Application-oriented Object Architecture: A RevolutionaryApproch
Ramesh K. Karne
Department of Computer and Information Sciences, Towson UniversityTowson, MD 21252 USArkarne@towson.edu
Since last fifty years computer systems and architecturesfollowed an evolutionary path resulting in rapidly changinghardware and software. This paper proposes arevolutionary approach, application-oriented objectarchitecture (AOA), which is based on Application Object(AO) and self managed hardware units. We havedemonstrated sample applications such as sorting andediting using the above approach. Currently, we are in a process of understanding a Web server application to berun under AOA. When AOA becomes feasible, it providesa revolutionary approach that will change the informationtechnology horizon so that computer systems can be builtsimilar to engineering buildings.
Application Object(AO), Application-oriented ObjectArchitecture (AOA), and Embedded OS.
Current computer systems are rapidly changingenvironments including: hardware, operating systems,compilers, tools, programming languages, and so on.
Wemust build computer applications that are independent of operating systems and environments, yet extensible, secure,and stable
. The OSKit  approach attempts to avoidtraditional operating systems and provides a necessarykernel for applications. Exokernel  offers an applicationlevel kernel interface for fast server applications bypassingthe traditional operating system. The Oxygen project atMIT , and other distributed OS projects , offer hopeto build pervasive and distributed computing withembedded building blocks and natural language interfaces.Our goals are similar to the above research, but it differs inits approach. The application-oriented object architecture(AOA)  focuses on applications instead of computingenvironments. It is based on primitive computer applications such as sending a message, editing adocument, sorting data, computing FFTs, performing a purchase online, and so on. That means, these applicationsare abstract and will never change, however, they may needto be extensible. For example, they should not depend uponany OS or any devices attached to a system. Once weunderstand these primitive applications, the applicationobject (AO) can be designed, and it can be run in thehardware without any need for a particular environment.For example, a bubble sort program written today in agiven programming language such as C++ should be ableto run on any computer as long as the hardware providesexecution environment for this AO. This forces hardwarevendors to provide upward compatibility and keep the AOinterfaces stable so that old and new AOs can be runwithout any need for operating environment. When an AOcan run without any operating environment on a baremachine, then it offers total flexibility in AOs and stabilityin hardware and software evolution and impedes computer obsolescence and waste.As the operating environment is bundled or embedded intoapplication program, now the hardware has to manageitself and should provide direct interfaces to AOs. Thisembedded OS approach into applications forces thehardware to be self manageable and controllable. Initially,we can build these AO interfaces outside the hardware,however, once these interfaces are well understood, theycan be directly implemented in the hardware.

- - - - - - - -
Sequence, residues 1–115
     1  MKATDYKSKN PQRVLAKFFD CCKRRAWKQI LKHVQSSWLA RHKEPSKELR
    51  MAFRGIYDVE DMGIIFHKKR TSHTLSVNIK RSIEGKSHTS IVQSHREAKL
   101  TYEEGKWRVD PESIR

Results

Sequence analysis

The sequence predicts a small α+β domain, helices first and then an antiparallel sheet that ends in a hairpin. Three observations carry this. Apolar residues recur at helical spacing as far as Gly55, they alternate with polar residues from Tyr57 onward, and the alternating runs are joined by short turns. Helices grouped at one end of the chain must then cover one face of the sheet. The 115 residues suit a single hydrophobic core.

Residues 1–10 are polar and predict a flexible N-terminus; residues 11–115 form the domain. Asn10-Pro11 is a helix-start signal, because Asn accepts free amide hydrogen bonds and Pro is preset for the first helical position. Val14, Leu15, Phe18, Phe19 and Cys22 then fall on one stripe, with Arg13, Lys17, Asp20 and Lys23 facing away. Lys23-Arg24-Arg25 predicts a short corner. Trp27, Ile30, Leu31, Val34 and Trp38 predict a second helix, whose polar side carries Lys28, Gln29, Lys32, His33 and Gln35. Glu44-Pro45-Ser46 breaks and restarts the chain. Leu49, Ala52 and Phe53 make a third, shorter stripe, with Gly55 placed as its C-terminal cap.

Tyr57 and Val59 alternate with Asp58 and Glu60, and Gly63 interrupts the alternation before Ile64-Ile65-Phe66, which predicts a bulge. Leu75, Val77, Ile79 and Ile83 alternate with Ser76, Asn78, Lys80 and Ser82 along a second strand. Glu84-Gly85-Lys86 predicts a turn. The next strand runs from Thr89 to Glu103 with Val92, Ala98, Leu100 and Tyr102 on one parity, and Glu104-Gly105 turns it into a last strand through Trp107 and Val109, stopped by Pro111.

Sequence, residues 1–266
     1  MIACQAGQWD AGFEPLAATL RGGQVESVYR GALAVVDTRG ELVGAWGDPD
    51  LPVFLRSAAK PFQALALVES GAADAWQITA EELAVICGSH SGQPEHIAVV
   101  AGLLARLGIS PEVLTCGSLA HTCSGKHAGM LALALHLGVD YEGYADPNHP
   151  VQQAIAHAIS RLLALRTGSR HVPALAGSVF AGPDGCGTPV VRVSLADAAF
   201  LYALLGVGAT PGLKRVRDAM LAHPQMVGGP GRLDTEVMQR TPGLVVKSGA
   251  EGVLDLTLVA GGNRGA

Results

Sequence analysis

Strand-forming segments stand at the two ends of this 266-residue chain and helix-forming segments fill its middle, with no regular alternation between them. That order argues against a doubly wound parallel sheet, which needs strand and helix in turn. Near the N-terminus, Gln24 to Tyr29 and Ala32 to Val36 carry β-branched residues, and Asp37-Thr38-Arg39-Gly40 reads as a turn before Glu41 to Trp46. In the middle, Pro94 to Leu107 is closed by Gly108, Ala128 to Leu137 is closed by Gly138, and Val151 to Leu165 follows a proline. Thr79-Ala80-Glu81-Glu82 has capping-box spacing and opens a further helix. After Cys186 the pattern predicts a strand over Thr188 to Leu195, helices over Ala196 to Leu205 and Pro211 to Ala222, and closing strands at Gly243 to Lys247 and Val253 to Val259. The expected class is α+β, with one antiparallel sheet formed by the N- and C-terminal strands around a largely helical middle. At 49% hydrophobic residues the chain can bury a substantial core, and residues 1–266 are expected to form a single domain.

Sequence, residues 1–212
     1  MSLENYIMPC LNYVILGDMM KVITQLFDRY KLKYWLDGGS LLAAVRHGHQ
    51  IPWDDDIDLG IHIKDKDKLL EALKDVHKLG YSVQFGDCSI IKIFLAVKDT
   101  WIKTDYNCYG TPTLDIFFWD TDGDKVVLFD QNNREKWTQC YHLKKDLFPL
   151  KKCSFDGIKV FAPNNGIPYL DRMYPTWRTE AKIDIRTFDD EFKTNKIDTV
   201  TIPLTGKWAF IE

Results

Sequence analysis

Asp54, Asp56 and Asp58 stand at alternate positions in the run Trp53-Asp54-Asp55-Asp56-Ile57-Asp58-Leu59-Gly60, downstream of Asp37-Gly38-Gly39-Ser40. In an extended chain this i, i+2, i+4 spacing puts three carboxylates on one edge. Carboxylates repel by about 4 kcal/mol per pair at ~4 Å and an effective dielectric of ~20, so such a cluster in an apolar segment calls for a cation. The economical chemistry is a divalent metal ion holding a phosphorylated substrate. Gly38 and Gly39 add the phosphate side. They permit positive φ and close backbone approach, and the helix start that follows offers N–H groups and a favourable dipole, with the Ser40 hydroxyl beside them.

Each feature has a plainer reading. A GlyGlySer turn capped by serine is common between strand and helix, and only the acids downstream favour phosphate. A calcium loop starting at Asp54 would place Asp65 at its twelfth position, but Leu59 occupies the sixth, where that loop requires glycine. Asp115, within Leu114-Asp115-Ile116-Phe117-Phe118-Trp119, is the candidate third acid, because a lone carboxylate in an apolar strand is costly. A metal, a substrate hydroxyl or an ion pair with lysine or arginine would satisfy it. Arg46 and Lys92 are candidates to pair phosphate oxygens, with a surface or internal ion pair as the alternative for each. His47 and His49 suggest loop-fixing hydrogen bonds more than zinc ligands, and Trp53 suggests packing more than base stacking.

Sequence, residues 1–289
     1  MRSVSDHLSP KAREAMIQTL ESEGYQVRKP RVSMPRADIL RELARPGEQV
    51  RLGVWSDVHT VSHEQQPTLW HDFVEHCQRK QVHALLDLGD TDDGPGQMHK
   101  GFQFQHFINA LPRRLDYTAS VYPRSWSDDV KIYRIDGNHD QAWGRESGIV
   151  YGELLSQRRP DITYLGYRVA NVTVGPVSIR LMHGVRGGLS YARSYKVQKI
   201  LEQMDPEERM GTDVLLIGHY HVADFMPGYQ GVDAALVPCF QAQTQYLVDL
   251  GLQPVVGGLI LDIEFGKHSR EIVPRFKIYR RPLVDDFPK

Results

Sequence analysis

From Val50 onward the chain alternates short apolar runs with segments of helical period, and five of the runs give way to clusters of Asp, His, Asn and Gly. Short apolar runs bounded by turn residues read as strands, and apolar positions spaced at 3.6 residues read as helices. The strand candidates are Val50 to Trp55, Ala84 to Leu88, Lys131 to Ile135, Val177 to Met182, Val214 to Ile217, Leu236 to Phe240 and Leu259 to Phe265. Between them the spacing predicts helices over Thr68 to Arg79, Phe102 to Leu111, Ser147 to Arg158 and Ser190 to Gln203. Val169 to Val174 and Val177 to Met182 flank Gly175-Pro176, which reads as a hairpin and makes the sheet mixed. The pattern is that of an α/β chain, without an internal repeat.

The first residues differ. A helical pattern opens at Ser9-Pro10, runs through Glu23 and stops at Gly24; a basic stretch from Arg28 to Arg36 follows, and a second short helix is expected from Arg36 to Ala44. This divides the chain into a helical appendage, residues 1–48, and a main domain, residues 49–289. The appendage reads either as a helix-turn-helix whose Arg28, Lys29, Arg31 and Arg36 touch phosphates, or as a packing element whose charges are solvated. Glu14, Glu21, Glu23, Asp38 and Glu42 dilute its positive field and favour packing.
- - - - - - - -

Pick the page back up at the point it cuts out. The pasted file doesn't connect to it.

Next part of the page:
The AOA architecture is shown in Figure 1. It has AOs andself managed hardware units. A sample AO is shown inFigure 2. The AOs communicate to hardware directlythrough sample interfaces as shown in Figure 3. These areAO interfaces written using the lowest level of hardwareinterfaces such as (Basic Input Output System, BIOS) andshould be standard across all hardware elements. That is,all hardware units such as processors, memory, disks,network cards, and so on should provide AO interfaces.At any given time, there is only one AO running in thehardware. An AO is a self-controllable and self-executableunit that consists of all its program and data. When an AOis not running in the hardware, there is no code resident inthe hardware (it is a bare machine). Thus, an AO performs,its own boot, load, and execution. It carries with it the onlynecessary code required for its execution. When anexecution is done, it exists by carrying all its code and datawith it to be stored outside the hardware. It may be storedon a network server for later processing.An AO can communicate with another AO on a differentmachine using message objects (MOs). These messageobjects are traditional TCP/IP messages that can travel onthe network and can be sent and received by a pair of AOs.